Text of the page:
French news websites and all-news TV networks immediately switched from nearly nonstop coverage of the Paris attacks investigation and aftermath to the Bamako siege.

Jens David Ohlin, an international law expert at Cornell University, said France has “invested so much military energy in pushing the Islamic rebels out of Mali.”

“While Mali might not have the same emotional significance to the French as Paris does, it is certainly an important part of the French military strategy,” he added.

Northern Mali remains insecure and militant attacks have extended farther south this year, including Bamako. In March, masked gunmen shot up a Bamako restaurant popular with foreigners, killing five people.

France has 3,500 troops operating in Mali and four other countries in the Sahel region as part of a five-nation counterterrorism operation.

The Netherlands also has troops working with the U.N. mission. According to the Dutch Defence Ministry, about 450 of its personnel are involved in the mission. Most of the Dutch force is based in Gao, but there are a few officers at the U.N. mission headquarters in Bamako.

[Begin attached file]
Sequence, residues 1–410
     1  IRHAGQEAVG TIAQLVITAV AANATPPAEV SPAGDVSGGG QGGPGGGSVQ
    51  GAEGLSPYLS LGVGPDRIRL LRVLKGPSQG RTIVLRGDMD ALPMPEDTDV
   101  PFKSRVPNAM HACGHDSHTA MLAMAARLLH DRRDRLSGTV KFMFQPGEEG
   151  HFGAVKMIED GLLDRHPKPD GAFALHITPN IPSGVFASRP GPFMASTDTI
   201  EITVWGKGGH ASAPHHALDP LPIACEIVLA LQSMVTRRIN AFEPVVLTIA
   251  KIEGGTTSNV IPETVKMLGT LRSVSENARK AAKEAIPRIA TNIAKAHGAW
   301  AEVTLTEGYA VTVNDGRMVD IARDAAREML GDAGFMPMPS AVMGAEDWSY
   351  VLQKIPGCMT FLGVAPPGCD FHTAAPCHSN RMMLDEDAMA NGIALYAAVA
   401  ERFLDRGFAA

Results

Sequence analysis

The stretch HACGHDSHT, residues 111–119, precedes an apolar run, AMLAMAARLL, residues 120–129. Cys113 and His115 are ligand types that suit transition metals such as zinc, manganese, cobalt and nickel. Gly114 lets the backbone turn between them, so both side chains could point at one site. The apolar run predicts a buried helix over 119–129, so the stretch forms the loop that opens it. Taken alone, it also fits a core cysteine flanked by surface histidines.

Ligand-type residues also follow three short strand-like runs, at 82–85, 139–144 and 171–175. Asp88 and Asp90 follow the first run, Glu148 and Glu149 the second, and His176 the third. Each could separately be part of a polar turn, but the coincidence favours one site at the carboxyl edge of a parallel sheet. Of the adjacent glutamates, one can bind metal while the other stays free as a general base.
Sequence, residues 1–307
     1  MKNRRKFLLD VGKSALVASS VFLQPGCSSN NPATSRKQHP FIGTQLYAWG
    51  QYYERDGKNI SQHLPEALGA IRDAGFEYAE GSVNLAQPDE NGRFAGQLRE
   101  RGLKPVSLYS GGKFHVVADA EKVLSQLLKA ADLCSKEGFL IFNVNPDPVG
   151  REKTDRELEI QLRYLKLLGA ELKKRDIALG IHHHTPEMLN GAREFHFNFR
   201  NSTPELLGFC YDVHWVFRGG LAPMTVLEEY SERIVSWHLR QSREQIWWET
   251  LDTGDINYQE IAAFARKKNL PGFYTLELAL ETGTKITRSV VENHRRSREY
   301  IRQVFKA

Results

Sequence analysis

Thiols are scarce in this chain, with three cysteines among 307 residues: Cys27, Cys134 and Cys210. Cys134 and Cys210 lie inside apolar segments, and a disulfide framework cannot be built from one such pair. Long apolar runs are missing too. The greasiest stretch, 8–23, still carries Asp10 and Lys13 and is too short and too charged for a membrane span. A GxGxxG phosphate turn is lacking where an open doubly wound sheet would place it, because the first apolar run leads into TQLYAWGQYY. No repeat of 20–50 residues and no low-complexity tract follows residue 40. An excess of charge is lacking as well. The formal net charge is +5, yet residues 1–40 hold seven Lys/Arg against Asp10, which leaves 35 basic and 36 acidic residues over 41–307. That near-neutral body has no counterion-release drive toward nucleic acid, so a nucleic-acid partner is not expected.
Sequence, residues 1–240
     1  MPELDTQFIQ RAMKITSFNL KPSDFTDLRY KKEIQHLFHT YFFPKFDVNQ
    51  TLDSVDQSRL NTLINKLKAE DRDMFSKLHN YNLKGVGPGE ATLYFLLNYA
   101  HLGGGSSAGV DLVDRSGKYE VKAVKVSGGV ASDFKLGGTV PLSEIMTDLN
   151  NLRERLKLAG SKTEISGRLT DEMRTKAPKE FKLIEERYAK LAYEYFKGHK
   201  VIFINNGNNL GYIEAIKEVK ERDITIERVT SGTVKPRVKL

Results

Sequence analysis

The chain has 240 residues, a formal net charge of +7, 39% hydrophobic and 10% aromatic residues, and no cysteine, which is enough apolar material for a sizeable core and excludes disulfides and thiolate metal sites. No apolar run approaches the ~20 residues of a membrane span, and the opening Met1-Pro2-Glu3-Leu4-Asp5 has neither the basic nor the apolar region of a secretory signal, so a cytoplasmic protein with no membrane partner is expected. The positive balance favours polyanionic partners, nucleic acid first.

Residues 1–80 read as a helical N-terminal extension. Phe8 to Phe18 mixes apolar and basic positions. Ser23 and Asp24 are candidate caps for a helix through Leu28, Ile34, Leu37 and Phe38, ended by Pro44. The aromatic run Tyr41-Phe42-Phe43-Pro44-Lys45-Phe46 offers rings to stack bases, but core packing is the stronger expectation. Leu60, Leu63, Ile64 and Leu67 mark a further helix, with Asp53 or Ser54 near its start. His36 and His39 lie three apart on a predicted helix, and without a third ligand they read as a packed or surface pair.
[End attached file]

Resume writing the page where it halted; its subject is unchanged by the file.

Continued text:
Get local stories you won't find anywhere else right to your inbox.
Sign up here

Just Posted

File photo
The Red Deer Rebels will have three new assistant coaches when the WHL regular season starts on Friday. Brad Flynn (left), will be on the bench alongside fellow assistant Ryan Colville (right) head coach Brent Sutter (middle). (Photo by BYRON HACKETT/Advocate Staff)
Sutter steps down as Red Deer Rebels head coach

Red Deer Rebels Owner, GM and head coach Brent Sutter has stepped… Continue reading

Premier Jason Kenney announced $200 million more money that will benefit seniors living in continuing care on Wednesday. (photography by Chris Schwarz/Government of Alberta)
Alberta’s in-school rapid screening test program expanding

Alberta’s in-school rapid screening test program will expand to as many as… Continue reading

Parents and students learned Tuesday what the coming school year will look like. It's pretty much back to business as usual, said Education Minister Adriana LaGrange. School precautions include frequent cleaning, keeping students in the same groups where possible, planning the school day to allow for physical distancing and staying home when sick. (photography by Chris Schwarz/Government of Alberta)